The FCC this week ruled that VoIP service providers must offer access to 911 emergency calls within the next four months or they will not be able to offer service in the US. The ruling marks a radical departure from the hands-off regulatory approach that marked the tenure of former FCC Chairman Michael Powell. The FCC didn't order the incumbent telecoms to provide direct access to their 911 systems, but the FCC warned that it expected their cooperation. Several incumbent telecoms have recently begun to voluntarily offer 911 access for a fee to some Internet phone service providers.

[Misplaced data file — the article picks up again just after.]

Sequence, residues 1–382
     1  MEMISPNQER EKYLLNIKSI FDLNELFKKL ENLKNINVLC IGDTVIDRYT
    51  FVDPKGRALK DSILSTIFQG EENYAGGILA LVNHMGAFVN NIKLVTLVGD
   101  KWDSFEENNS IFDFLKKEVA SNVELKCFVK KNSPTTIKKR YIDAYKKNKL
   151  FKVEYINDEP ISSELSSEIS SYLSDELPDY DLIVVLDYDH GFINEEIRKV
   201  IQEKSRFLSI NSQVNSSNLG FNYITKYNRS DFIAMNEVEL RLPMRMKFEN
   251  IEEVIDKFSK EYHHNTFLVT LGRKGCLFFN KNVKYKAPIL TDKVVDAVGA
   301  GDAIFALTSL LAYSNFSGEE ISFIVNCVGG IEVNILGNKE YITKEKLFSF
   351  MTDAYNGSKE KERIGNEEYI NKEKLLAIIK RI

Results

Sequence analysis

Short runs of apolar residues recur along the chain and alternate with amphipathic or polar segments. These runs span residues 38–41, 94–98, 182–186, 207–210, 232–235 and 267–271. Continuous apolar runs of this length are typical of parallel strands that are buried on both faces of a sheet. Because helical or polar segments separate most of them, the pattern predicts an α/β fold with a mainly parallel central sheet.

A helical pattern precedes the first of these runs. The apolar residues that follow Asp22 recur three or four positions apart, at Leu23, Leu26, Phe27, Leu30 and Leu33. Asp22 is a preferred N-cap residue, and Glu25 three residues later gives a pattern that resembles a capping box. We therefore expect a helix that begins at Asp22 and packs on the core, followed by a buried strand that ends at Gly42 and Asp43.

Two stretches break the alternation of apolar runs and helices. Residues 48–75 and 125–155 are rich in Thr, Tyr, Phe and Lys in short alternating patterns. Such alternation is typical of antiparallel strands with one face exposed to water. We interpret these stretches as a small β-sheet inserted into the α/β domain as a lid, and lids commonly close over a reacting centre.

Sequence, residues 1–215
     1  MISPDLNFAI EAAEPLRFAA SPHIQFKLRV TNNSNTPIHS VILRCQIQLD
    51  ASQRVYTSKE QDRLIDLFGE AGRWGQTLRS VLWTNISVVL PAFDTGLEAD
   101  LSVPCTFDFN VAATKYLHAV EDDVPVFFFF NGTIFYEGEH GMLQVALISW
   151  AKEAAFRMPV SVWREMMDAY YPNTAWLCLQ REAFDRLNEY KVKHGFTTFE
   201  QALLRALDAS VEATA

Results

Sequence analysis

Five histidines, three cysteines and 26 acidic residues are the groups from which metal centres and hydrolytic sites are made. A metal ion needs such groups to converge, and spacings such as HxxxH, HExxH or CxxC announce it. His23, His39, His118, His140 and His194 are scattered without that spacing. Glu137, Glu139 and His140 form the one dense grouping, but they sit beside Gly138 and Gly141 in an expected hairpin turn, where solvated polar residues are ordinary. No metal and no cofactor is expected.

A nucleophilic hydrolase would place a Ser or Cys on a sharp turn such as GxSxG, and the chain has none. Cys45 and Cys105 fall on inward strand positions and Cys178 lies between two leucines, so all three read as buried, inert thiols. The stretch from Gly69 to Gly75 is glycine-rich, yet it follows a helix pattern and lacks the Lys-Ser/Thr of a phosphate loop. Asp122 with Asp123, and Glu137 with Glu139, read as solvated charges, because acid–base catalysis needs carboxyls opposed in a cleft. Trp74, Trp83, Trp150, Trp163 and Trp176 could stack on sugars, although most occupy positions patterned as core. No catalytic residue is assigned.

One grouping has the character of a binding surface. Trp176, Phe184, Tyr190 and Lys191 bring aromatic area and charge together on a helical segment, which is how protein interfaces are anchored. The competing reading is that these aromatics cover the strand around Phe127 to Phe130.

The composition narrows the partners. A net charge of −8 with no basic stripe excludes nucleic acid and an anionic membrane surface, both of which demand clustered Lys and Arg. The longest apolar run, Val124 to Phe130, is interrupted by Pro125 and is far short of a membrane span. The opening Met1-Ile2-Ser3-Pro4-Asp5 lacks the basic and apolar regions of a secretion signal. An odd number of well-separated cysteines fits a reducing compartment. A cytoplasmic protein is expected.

The decision is getting a mixed reception from industry insiders. Some see the ruling as a positive step forward. They hope the ruling will compel the incumbents to open up their E911 systems to Internet phone companies. Others see the decision as useless regulation that probably cannot be enforced. Requiring E911 access in such a short period of time could force many smaller VoIP startups out of business. There is also no way to gauge how this decision will affect peer-to-peer Internet telephony services like Skype. The FCC's decision on VoIP also stands in stark contract to the commission's regulations on E911 for cellular carriers. Despite missing deadlines, cellular E911 rollouts are still not complete, with larges parts of the country still without coverage.
For more on the FCC's E911 decision:
- read this report from today's Wall Street Journal (sub. req.)